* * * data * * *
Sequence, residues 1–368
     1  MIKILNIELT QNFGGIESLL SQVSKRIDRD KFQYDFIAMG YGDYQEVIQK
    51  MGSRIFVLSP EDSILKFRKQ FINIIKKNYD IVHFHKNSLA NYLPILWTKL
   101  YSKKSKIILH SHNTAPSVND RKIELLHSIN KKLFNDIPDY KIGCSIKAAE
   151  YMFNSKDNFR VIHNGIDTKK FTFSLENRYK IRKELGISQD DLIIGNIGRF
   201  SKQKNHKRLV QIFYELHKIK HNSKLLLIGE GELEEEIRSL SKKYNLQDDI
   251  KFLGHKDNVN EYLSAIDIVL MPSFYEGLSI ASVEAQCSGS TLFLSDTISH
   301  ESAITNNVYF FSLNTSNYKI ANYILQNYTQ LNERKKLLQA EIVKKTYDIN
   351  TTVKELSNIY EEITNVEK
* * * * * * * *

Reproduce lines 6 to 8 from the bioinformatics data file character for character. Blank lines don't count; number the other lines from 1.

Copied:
   201  SKQKNHKRLV QIFYELHKIK HNSKLLLIGE GELEEEIRSL SKKYNLQDDI
   251  KFLGHKDNVN EYLSAIDIVL MPSFYEGLSI ASVEAQCSGS TLFLSDTISH
   301  ESAITNNVYF FSLNTSNYKI ANYILQNYTQ LNERKKLLQA EIVKKTYDIN